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J Am Coll Cardiol. 2018 Jul 24;72(4):402-415. doi: 10.1016/j.jacc.2018.04.072.

Ventricular Assist Device Support as a Bridge to Transplantation in Pediatric Patients.

Author information

1
Department of Pediatrics, Hospital for Sick Children, University of Toronto, Toronto, Ontario, Canada. Electronic address: anne.dipchand@sickkids.ca.
2
Department of Pediatrics, University of Texas Southwestern Medical Center, Dallas, Texas.
3
Department of Pediatrics, University of Alabama at Birmingham, Birmingham, Alabama.
4
Department of Pediatrics, Boston Children's Hospital, Boston, Massachusetts.
5
Department of Pediatrics, Children's Health System of Texas, Dallas, Texas.
6
Department of Pediatrics, Stanford University, Palo Alto, California.
7
Division of Cardiology, Department of Pediatrics, University of Colorado Anschutz Medical Campus and Children's Hospital Colorado, Aurora, Colorado.
8
Department of Pediatrics, Morgan Stanley Children's Hospital-Columbia University Medical Center, New York, New York.
9
Department of Cardiothoracic Surgery, University of Alabama at Birmingham, Birmingham, Alabama.

Abstract

BACKGROUND:

Pediatric ventricular assist device (VAD) use has evolved dramatically over the last 2 decades.

OBJECTIVES:

This study sought to describe the evolution of VAD support to heart transplantation (HTx) in children in a large international multicenter cohort.

METHODS:

Using data from the Pediatric Heart Transplant Study, comparisons were made between children (<18 years) supported to HTx (January 1, 1993 to December 31, 2015) with VAD or extracorporeal membrane oxygenation (ECMO) to VAD support.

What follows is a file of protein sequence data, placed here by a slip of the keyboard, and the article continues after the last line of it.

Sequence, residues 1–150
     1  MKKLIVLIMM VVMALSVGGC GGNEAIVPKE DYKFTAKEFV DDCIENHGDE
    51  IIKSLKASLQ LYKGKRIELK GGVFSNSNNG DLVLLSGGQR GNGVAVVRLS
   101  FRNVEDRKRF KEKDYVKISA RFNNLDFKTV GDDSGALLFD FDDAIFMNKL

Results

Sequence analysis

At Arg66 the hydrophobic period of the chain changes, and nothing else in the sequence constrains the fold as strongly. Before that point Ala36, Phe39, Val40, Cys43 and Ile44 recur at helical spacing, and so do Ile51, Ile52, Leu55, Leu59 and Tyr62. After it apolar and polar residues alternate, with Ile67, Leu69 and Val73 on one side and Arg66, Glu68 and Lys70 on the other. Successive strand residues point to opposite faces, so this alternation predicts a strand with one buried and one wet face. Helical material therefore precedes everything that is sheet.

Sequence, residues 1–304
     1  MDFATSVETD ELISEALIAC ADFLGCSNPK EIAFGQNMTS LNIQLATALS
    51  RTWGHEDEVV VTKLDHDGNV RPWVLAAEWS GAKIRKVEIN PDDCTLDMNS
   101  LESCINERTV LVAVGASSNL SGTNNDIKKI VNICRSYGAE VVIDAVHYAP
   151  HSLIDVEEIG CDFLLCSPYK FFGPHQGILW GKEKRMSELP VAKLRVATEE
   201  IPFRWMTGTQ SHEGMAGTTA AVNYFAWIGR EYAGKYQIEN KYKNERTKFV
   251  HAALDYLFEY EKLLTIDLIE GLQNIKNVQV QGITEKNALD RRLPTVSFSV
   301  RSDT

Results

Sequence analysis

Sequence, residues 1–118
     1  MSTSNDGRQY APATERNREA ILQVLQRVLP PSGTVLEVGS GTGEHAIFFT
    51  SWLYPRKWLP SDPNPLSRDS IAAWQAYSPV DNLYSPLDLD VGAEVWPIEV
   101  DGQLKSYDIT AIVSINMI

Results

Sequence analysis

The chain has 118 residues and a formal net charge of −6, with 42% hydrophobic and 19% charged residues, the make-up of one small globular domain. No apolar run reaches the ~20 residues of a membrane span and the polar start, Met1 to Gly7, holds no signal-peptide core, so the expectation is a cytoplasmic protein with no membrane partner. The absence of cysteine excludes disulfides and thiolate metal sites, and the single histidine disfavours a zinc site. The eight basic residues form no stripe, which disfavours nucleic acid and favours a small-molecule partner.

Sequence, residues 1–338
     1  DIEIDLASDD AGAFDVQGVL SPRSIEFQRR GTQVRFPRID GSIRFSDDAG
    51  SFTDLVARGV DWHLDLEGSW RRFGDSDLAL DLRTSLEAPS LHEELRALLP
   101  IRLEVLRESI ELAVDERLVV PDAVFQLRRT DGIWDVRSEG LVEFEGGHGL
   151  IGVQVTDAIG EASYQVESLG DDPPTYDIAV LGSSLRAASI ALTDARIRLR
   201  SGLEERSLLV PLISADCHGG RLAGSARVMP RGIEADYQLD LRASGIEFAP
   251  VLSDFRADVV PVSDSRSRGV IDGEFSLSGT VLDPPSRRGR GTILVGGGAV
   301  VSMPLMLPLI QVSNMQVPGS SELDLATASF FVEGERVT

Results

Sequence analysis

RESULTS:

Of 7,135 listed patients, 5,145 underwent HTx; 995 (19.3%) were supported by a VAD (113 with congenital heart disease [CHD]). Patients with a VAD as their first device (n = 821) were older, larger, and more likely to have cardiomyopathy (80%) than patients transitioned from ECMO to VAD (n = 164). In the VAD-only cohort, 79% underwent HTx and 14% died, compared with 69% and 24% in the ECMO-to-VAD cohort, respectively. Patients with cardiomyopathy achieved HTx 84% of the time, with a 9% waitlist mortality rate compared with 55% and 36%, respectively, for CHD. Among VAD-treated patients, 79% were age >10 years in the earliest era, a percentage decreasing to 34% more recently, though neonates still represent <1%. Overall, survival at 2 and 20 years showed no difference between VAD and no support (2 years: 75% vs. 80%; 20 years: 55% vs. 54%). Post-HTx outcomes were better for durable versus temporary VADs (p < 0.01) and for continuous versus pulsatile VADs (p < 0.01) from 2005 onward; timing of VAD had no impact on post-HTx survival (p = 0.65).

CONCLUSIONS:

For one-quarter of a century, major advances have occurred in mechanical support technology for children, thereby expanding the capability to bridge to HTx without compromising post-HTx outcomes. Significant challenges remain, especially for neonates and patients with CHD, but ongoing innovation portends improved methods of support during the next decade.

KEYWORDS:

durable; extracorporeal membrane oxygenation; heart failure; outcomes; survival

PMID:
30025576
DOI:
10.1016/j.jacc.2018.04.072
[Indexed for MEDLINE]
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